why the change in policy with this patch? (one of these previously was deliberately not indexed, now is)

524 ↗(On Diff #171067)

these assertions are confusing as it's not clear which expected belongs with which piece of actual code. Obviously they all need to have the same name though.
Best workaround I can think of is putting "int a", "int b" etc between the confusing decls, and including them in the expected top-level symbols (since you assert in order)

571 ↗(On Diff #171067)

hmm, our handling of anonymous enums seems different than anonymous namespaces - why?

ilya-biryukov marked 15 inline comments as done.
  • Address comments
clangd/FindSymbols.cpp
190 ↗(On Diff #171067)

Added a FIXME.
From what I can tell, writing our own classification function shouldn't be too much work and would clearly fix those cases. We should do this!

208 ↗(On Diff #171067)

Added a comment.

264 ↗(On Diff #171067)

Nope, IIUC things are only marked "implicit" in clangd if they were generated by the compiler from the start.
For this case, the initial template code was written by the user, so isImplicit() returns false for both the template and its instantiations.

276 ↗(On Diff #171067)

See the other comment.

clangd/Protocol.h
43 ↗(On Diff #171067)

Sorry, accidental change. Reverted.

unittests/clangd/FindSymbolsTests.cpp
442 ↗(On Diff #171067)

Why? The outline view gives both the declaration and the definition, since both were written in the code.
That seems to be in line with what I'd expect from the outline view.

521 ↗(On Diff #171067)

Done. Now prints as Tmpl<float>.
This may also include some arguments not written by the users (e.g. some default args), but added a FIXME to fix this, it's not entirely trivial

523 ↗(On Diff #171067)

We might have different goals in mind here.
From my perspective, the purpose of the outline is to cover all things written in the code: there are 4 decls that the user wrote: one primary template, one template specialization and two template instantiations.

What is your model here?

571 ↗(On Diff #171067)

No rigorous reasons. The namespaces tend to group more things together, so it's arguably more useful to have an option of folding their subitems in the tree.
Anonymous enums are typically used only in the classes (and on the top-level in C to define constants?) and I feel having an extra node there merely produces noise.
Happy to reconsider, what's your preferred behavior?

  • Remove accidentally added qualifiers
sammccall accepted this revision.Thu, Nov 22, 6:54 AM
sammccall added inline comments.
unittests/clangd/FindSymbolsTests.cpp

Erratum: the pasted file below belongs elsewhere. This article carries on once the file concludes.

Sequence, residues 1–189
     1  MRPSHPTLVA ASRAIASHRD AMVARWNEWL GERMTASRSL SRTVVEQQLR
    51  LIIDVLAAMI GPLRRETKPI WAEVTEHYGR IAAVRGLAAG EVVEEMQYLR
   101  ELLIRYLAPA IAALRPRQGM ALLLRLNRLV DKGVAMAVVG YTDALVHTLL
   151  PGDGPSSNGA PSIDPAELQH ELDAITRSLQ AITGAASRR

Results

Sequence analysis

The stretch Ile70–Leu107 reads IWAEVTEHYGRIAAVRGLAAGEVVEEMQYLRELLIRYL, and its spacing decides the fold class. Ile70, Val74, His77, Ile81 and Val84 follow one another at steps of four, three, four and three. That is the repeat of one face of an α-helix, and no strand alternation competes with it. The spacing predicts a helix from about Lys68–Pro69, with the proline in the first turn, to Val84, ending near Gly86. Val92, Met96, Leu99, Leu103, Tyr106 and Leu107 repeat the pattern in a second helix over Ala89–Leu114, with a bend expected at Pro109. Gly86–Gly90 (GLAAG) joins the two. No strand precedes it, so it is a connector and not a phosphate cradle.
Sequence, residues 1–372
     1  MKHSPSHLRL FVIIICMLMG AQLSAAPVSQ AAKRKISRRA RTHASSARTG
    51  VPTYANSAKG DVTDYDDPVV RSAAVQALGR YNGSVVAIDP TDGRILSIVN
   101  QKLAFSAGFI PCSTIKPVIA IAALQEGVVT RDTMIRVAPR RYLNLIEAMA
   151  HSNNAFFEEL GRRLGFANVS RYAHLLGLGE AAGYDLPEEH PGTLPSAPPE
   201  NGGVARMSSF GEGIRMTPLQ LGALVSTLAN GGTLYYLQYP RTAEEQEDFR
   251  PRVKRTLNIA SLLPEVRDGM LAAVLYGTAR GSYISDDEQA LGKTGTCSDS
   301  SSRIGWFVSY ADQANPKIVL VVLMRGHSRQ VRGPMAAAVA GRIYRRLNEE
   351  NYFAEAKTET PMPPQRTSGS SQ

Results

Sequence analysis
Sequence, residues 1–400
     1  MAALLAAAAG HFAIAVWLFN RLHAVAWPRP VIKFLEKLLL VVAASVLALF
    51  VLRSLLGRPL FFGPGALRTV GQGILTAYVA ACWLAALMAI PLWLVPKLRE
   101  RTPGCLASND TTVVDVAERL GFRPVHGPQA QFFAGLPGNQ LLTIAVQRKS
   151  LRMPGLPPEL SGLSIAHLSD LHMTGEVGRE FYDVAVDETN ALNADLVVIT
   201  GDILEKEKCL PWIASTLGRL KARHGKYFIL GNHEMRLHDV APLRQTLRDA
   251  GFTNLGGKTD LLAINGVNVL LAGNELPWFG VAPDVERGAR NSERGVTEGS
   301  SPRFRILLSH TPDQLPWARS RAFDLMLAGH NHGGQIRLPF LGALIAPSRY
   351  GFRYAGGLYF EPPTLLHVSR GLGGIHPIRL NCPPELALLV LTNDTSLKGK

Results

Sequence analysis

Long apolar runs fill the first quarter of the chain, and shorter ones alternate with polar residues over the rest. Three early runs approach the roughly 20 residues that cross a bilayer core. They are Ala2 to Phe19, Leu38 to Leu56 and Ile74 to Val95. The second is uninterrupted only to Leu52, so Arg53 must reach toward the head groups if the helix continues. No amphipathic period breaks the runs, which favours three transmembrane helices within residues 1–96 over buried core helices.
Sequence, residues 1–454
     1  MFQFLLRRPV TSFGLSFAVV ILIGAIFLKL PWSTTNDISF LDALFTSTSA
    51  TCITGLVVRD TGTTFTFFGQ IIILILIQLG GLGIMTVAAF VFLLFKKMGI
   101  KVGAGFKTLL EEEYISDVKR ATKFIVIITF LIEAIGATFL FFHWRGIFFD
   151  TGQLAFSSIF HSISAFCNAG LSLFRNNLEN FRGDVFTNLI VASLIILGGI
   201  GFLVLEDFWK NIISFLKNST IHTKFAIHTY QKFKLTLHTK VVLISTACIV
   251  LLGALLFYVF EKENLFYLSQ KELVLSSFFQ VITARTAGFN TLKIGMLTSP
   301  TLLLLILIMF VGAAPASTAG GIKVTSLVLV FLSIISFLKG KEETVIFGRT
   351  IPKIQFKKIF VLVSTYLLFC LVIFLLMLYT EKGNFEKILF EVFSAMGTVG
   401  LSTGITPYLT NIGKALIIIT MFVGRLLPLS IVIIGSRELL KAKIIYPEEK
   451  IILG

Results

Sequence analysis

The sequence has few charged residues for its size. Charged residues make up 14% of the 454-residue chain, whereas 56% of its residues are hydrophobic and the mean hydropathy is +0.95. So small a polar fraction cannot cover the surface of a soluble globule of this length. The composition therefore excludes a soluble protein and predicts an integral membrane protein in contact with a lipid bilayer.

442 ↗(On Diff #171067)

Sorry, I meant the name should be Foo::def instead of def, which you mentioned in a previous comment.

OK to land without this, but I think it deserves a fixme.
(If you think this is the *right* behavior, let's discuss further!)

521 ↗(On Diff #171067)

Nice! I thought this was going to be really hard.

(You can specialize without naming the defaulted args? That sounds... obscure. Definitely fine to leave for later)

523 ↗(On Diff #171067)

I don't have a particular opinion, just wondering if this was a deliberate change or fell out of the implementation.

(The old behavior was tested, so I guess Marc-Andre had a reason, but it didn't come up in the review. I don't think this is common enough to worry much about either way)

571 ↗(On Diff #171067)

I *think* I might prefer the opposite - namespaces flat and enums grouped :-)
I'm not certain nor adamant about either, so consider my thoughts below, and pick something.

Namespaces: anonymous namespaces are mostly (entirely?) used to control visibility. I don't think they *group* in a meaningful way, they just hide things like static does. In a perfect world I think there'd be a "private" bit on outline elements that was shown in the UI, and we'd put it on both things-in-anon-namespaces and static-as-in-private decls. The main counterargument I can see: because we typically don't indent inside namespaces, the enclosing anonymous namespace can be hard to recognize and jump to.

Enums: conversely, I think these _typically_ do group their elements, and there's often a strong semantic boundary between the last entry in the enum and the first decl after it. When people use a namespacing prefix (C-style VK_Foo, VK_Bar) then it's visually noticeable, but this is far from universal in C++ (particularly at class scope).

Consistency: It's not *really* confusing if these are different, just *slightly* confusing. Anonymous structs etc must certainly be grouped, so this is a (weak) argument for grouping everything.

This revision is now accepted and ready to land.Thu, Nov 22, 6:54 AM
ilya-biryukov added inline comments.Fri, Nov 23, 5:52 AM
unittests/clangd/FindSymbolsTests.cpp
442 ↗(On Diff #171067)

Oh, yeah, that I agree with! Will look into fixing this in a follow-up change.

521 ↗(On Diff #171067)

Yeah, you can. It's especially common with function where specializations don't name any arguments and those are inferred from the function type...

523 ↗(On Diff #171067)

Yeah, this fell out of the implementation of walking over the "user-written" part of the AST and it looked sensible so I updated the test.

571 ↗(On Diff #171067)

I'm sold on the consistency argument. Besides, the anonymous enums are not too frequent anyway, so treating them in a special way might be an overkill.
We can always tweak this in the future.

  • Do not drop anonymous enums
  • Handle 'using namespace' in printName
  • Do not mix-in symbols with locations from other files.
This revision was automatically updated to reflect the committed changes.